Suppose genetic information does have some predictive value for each of the above listed purposes. Is it wrong for people to use it to help make guesses about the potentials and likely behaviors of others? If so, why? As a practical matter we need to judge each other and do so daily. If we can do it more accurately will that make us treat each other more or less fairly overall? Keep in mind that our judgements are frequently wrong and sometimes unfair. But they are also frequently necessary.
Put yourself in the position of a job interviewer. You have one position and twenty applicants. Suppose the availability of DNA sequencing information would cause you to choose a different person to hire. Is it wrong to use that information? After all, the person who you would not hire if you did not have the DNA sequencing information would not have been hired because of some other reasons that the DNA sequencing information effectively weighs against. Is it fair for you to have access to that other information but not the DNA sequencing information? Judgements are always less than perfectly accurate. DNA sequencing information may make judgements more accurate on average. Is this a bad thing? If so, why?
Must the death of privacy translate into the death of freedom? Science fiction writer David Brin argues in his non-fiction book The Transparent Society: Will Technology Force Us to Choose Between Privacy and Freedom? that we really don't have a choice about the future loss of privacy. Technological advances will make it too easy for individuals and governments to do various forms of survelliance. But if we allow not just governments but also individuals to use the survellance technologies then we do not have to wind up living under an authoritarian or totalitarian state.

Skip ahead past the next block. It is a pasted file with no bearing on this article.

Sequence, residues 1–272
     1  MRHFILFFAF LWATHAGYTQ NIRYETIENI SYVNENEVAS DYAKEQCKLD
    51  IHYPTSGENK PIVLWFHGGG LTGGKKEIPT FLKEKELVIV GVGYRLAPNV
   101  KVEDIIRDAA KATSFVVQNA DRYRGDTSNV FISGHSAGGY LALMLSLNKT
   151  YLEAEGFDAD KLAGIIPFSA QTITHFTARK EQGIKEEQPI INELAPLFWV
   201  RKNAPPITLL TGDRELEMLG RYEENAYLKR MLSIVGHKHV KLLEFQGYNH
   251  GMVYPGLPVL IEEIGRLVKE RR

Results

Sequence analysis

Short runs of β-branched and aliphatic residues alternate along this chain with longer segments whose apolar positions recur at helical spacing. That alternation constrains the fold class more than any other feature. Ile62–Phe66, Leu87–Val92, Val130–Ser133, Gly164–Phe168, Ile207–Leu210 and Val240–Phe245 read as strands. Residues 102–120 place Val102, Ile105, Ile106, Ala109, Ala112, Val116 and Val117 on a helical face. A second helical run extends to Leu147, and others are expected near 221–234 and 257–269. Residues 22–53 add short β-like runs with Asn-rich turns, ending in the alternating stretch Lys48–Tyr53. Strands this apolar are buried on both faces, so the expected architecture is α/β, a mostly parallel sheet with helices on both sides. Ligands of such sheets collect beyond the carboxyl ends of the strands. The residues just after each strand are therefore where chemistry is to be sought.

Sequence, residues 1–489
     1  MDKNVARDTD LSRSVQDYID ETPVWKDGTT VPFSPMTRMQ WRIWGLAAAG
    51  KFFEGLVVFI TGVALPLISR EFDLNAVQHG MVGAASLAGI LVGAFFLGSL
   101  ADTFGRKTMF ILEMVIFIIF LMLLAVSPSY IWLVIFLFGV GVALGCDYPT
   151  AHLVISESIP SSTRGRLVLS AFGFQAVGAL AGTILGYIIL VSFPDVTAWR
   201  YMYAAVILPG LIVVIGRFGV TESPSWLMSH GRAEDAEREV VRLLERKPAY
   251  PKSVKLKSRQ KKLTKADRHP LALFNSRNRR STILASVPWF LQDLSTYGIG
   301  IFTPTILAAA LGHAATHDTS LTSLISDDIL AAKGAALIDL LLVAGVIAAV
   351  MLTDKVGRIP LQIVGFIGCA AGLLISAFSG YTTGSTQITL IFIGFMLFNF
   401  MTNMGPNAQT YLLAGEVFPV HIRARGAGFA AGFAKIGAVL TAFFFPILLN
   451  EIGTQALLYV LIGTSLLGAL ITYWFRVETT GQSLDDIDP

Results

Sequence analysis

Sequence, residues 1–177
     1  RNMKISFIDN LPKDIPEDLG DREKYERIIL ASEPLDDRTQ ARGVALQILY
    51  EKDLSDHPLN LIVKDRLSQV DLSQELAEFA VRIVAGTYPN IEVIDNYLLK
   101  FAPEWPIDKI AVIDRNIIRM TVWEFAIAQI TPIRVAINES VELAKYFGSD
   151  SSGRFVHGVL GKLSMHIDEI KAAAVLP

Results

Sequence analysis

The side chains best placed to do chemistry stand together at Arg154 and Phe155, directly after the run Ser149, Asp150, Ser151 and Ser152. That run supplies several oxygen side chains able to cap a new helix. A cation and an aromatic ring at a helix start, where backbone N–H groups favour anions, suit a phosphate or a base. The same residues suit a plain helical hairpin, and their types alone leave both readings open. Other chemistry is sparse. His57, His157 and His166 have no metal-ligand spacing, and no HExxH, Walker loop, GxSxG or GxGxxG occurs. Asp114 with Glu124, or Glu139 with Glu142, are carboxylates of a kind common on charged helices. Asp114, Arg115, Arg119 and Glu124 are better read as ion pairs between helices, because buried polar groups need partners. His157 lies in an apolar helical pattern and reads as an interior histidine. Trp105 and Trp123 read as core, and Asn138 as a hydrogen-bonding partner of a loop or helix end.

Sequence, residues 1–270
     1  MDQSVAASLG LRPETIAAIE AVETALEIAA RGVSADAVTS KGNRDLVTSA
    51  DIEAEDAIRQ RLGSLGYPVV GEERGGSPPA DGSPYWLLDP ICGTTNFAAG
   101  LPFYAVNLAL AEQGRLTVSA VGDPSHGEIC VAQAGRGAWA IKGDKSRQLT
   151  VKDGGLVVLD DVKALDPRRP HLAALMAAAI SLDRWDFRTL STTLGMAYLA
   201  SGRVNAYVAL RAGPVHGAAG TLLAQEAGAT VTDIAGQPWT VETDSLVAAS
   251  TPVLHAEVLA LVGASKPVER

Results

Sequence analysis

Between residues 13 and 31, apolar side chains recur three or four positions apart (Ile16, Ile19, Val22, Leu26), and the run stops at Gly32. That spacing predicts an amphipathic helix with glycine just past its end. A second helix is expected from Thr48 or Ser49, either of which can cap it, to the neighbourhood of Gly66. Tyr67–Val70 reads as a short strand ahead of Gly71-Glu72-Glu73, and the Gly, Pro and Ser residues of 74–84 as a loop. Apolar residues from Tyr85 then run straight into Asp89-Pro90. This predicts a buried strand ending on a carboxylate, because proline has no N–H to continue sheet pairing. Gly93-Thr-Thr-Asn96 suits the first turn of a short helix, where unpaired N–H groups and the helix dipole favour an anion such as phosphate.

There are technological trends in biotechnology that will make personal DNA privacy impossible to maintain as well. The development of nanopore DNA sequencers combined with microfluidics will eventually allow the construction of very cheap, small, portable, and easy to operate DNA sequencing devices. Such devices will be impossible to effectively ban. They will be able to be made to look like other devices and will be easily smuggled. Also, surreptitious acquisition of cell samples will be too easy to be prevented. For example, a woman will be able to get a cell sample from a date by just giving him a full mouth kiss at the end of the evening and then spitting her mouth's saliva into a cup when she closes her front door. Or she can do it by running her hand thru the guy's hair to get some loose hairs that have a bit of cells at their ends. Or if a person has dandruff on their jacket and leaves the jacket on their chair to temporarily leave the room of a business meeting then someone else will be able to quickly get a bit of the dandruff off the jacket.
I'd really like to see more specific explanations of how increased information availability will make a society less just and less free overall. We face a future where the quantity of available information of all kinds looks set to increase enormously. If there will be harmful effects then the mechanisms by which these harms will be done ought to be articulated in greater detail.
|Share |||Randall Parker, 2003 May 14 06:42 PM Biotech Privacy|